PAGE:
Avid Media Composer project views

These Avid Media Composer project views will be familiar to professional film and broadcast professionals from all over the world. I’ve been an Avid Media Composer Editor since 1998 and have continued to edit on the platform since then. When you launch the Avid application and open an Avid project (on two monitor windows) you will see your project and source/record window views.

Image showing a desktop view of Avid Media Composer project bins
Image showing a desktop view of Avid Media Composer project bins

Avid project bin views

Avid Media Composer projects bins and audio mixer on my left hand NEC monitor. Only a few Avid ‘bins’ are visible in this view. All the bins used in the project can be seen listed in the top far left window. Avid allows you to customise the ‘bin’ view and select different parameters to show. As well as the master clip names for each media item you can see things like resolution, creation date and the storage hard drive the media is located on. An icon is displayed for each item of media. The audio mixer bottom right allows you to adjust the level of each track or a combination of tracks as you edit. The black window top right is the audio level meter which gives you a digital scale level as you play the audio in the timeline.

Avid editing timeline
The source and record windows from a recent short observational documentary type film.

Avid project source and record windows

Avid project timeline with source and record windows on my right-hand side NEC monitor. This editing timeline illustrates the complex nature of a recent 11-minute film. It features an initial sync led storyline progressing into three separate music montages. The music montage segments can be clearly seen as having just music in timeline audio tracks. You can set-up many different views in Avid depending on what type of editing you are doing. For example, if you are colour grading or audio mixing you would want to see a different toolset for each task. I’ve checkerboarded the audio in this film, mostly using alternate tracks to help give smoother audio transitions. Most of the master video in on video layer ‘V1’. Titles and different video effects being built up over the V1 layer. An example of this can be seen with the opening and closing sequences where there is a more complex build-up of video effect layers. Avid also allows you to ‘nest’ effects inside each layer effectively building up a layer structure within each individual video layer. The Avid way of editing gives great flexibility which is why it’s the editing tool of choice for many film and broadcast professionals.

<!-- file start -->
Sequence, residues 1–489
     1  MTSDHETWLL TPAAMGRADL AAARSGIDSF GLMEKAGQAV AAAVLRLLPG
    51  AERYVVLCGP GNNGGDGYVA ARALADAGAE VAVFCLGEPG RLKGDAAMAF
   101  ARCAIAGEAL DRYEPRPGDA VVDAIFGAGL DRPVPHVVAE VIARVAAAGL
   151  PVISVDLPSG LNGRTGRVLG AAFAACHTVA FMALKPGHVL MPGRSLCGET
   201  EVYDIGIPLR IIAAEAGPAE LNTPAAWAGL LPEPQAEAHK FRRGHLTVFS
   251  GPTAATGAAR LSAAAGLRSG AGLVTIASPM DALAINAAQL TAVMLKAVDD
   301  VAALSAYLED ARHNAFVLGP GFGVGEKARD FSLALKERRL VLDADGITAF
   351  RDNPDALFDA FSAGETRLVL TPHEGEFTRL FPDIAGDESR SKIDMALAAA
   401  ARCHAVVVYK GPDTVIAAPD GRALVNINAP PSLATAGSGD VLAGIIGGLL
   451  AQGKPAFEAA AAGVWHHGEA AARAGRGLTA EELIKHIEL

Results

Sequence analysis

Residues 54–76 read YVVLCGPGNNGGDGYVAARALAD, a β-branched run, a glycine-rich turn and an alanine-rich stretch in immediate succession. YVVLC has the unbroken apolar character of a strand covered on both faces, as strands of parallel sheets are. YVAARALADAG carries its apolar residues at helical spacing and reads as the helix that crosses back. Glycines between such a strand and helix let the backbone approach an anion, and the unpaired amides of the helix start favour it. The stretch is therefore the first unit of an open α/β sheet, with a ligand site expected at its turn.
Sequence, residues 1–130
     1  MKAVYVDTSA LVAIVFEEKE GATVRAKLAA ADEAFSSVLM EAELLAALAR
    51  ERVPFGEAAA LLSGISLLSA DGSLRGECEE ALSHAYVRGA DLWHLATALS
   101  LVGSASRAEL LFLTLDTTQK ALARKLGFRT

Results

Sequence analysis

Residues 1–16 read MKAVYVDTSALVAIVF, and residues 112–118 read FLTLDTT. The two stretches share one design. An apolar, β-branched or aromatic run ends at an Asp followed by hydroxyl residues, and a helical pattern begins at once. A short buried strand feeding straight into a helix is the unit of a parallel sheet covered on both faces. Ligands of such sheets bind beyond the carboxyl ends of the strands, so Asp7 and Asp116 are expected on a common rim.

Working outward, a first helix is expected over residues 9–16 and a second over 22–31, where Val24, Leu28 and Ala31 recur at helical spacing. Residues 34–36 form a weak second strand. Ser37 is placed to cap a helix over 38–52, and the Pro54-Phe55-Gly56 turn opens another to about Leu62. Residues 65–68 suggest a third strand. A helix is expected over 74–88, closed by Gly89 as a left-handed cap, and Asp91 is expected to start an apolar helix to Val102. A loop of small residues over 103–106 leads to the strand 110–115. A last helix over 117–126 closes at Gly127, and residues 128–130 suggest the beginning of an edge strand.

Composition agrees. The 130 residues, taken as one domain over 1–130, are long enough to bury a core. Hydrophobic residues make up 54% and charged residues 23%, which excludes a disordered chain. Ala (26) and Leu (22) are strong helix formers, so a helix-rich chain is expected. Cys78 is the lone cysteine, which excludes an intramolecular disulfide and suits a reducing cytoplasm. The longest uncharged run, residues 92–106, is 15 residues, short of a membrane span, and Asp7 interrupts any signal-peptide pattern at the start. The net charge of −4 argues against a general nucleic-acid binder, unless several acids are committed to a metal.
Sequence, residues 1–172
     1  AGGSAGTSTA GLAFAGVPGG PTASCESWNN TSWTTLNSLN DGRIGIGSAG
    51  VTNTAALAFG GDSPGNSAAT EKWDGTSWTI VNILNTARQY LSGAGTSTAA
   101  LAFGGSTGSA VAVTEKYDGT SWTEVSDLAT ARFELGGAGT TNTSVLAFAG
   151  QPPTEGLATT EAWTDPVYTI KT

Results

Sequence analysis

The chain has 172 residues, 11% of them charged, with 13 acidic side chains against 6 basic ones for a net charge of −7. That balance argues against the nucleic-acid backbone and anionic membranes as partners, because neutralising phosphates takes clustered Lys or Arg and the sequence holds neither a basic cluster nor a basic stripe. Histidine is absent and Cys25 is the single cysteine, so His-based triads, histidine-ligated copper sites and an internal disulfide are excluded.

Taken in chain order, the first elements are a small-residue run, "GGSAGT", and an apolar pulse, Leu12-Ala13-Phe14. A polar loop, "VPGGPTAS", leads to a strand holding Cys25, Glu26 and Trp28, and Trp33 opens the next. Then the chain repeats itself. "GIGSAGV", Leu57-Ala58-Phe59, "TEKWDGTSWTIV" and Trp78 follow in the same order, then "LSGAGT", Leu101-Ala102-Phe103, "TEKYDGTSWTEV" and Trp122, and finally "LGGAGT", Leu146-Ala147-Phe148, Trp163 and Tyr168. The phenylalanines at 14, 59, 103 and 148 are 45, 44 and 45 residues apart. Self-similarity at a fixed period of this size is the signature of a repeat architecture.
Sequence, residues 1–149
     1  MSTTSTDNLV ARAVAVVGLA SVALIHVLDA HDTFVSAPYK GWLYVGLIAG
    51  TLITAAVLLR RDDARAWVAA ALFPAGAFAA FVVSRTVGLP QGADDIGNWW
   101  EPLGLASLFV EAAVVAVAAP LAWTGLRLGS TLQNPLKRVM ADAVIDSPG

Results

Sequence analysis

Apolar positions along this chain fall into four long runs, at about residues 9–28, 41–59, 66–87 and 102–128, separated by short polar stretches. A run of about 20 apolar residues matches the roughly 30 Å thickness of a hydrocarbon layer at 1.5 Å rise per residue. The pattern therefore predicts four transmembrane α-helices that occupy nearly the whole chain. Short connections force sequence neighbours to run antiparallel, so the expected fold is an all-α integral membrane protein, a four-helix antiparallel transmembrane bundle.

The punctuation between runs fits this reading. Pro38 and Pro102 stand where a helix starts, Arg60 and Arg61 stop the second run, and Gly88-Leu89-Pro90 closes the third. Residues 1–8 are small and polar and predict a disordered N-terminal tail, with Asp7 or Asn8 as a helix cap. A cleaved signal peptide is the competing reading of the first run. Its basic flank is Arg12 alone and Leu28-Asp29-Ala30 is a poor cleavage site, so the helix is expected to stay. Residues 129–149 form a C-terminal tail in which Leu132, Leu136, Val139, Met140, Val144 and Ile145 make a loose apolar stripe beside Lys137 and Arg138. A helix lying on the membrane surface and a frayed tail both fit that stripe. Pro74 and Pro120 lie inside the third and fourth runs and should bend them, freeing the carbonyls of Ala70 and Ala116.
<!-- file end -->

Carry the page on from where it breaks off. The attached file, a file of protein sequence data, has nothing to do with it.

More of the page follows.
If you have any questions or would like advice on anything regarding your video production or post-production please do drop me a message. You might be interested to read these blog articles.

Updating Avid version and an operating system

Preparing for video editing

Editing sync sound

Editing a music video

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Julian Langham

Julian started his career in media in 1994; shortly after Julian was invited to join the BBC where he was quickly promoted to Editor. Julian left the BBC to develop his freelance career in 2009. Highly-practised and skilled in constructing engaging narratives, Julian’s key strength is his ability to produce strong visually-led stories. In his work, Julian shares his passion for creating powerful synergies between story content, visual rhythm and music.

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